Bear in mind that I am not a court of law passing a sentence without a trial. I am a private individual choosing to believe the nearly 60 credible women independently alleging rape, rather than believe the denials of the alleged rapist who has previously given sworn testimony that he drugged women to have sex with them. While there is potential harm to presuming Cosby guilty in this circumstance, IMO there is far greater potential harm to remaining “open-minded” which, given the compelling evidence, would be tantamount to claiming that all those women were lying.
I appreciate your reply but feel the need to point out the incongruence in your response.
By its very definition “open-minded” is neither condemnation of guilt or accusation of lying . . . it is remaining neutral and allowing a defined process to reach its natural conclusion. Anything else is not open minded and so falls victim to our own prejudices – thereby impeding or, potentially, denying justice to all
I would come closer to agreeing with you if the “defined process” offered an opportunity for fair consideration. But the process has failed these women, who were intimidated and silenced for a long time. Even today, rape accusers are routinely dismissed, ostracized, punished. And as per the research cited above, only about 2% of rapes lead to convictions. So conviction is too high a bar for believing a rape allegation.
I also disagree with your proposition that being open-minded is always actually neutral. Refusing to draw a conclusion in the face of compelling evidence is siding (in this case) with the rapist. The choice to deny the obvious is not neutral.
BTW I’m often on your side of this argument, because I think it is wrong to form a premature conclusion. But — as in this case — when so much evidence is available, neutrality is not a realistic option
More to the point is that we are even having this discussion. If communities organize to Cosby more rapists, then more of the current and future serial rapists will be tried and convicted. I think we’d both prefer that avenue over the one that Cosby and his victims found themselves on.
I continue to hold my position that public trials/convictions are counter productive to any chance of justice.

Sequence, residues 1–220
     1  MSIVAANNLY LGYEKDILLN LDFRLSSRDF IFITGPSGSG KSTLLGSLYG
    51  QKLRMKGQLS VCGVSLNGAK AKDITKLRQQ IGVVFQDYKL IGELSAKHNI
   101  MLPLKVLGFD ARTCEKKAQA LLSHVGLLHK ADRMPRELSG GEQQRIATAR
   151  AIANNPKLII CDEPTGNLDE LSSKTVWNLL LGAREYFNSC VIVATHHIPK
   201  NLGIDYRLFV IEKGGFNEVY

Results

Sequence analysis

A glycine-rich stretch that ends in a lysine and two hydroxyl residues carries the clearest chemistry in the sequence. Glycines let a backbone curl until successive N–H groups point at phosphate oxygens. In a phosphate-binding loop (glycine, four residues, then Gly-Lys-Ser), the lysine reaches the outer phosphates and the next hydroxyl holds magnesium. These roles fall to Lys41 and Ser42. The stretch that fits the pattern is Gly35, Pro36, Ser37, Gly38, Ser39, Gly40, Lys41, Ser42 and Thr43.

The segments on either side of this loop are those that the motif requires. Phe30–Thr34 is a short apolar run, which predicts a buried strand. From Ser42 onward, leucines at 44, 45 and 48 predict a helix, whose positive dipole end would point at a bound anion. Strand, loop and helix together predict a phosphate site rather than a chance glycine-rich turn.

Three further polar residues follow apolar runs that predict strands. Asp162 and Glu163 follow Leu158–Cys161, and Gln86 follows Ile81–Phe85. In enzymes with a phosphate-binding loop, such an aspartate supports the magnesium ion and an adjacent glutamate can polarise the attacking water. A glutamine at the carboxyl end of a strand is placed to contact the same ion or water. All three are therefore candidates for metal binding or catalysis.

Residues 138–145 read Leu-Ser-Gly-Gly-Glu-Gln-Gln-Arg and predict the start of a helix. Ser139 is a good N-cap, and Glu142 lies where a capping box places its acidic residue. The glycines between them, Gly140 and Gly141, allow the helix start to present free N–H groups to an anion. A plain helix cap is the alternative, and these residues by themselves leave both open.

And I vehemently take exception to your statement “I think we’d both prefer . . . ” – particularly as it was prefaced with “more of the current and future serial rapists will be . . .” – where it appears you’ve stepped beyond passing judgment on the accused and broadened the scope of your wrath to uncommitted crime
The point of this blog post is to promote a strategy to identify and convict more serial rapists, and get them out of circulation. Since you oppose forming opinions about alleged rapists outside of the formal legal process, I naturally assumed that you would prefer getting accused rapists into the legal process. If that’s not correct, then please state your own ideas for how we should deal with serial rapists.
I agree with you, Ricky — although in many cases there are two sides to the story, this is not one of them.
Although you may feel morally superior, Jackie, by waiting for legal justice before drawing any conclusions of your own, you are potentially contributing to these victims’ sense of guilt and shame by not believing their myriad accounts substantiated by significant evidence. And frankly, there’s nothing morally superior in that…
stepping aside from the apparent need for judgment – towards either me or non-convicted persons – believing in the justice system does not equal not believing people’s truths – its about having faith . . .
I love the suggestions made in your article. I don’t know what the answer is to this sickening problem, but I love the idea of a proactive/community based approach.
I think we all need to take more responsibility towards our fellow citizens, our neighbors, & our communities & towards addressing such important problems
Thanks. I think there are a lot of answers, not just “the” answer. This proposal is just one piece of what should be done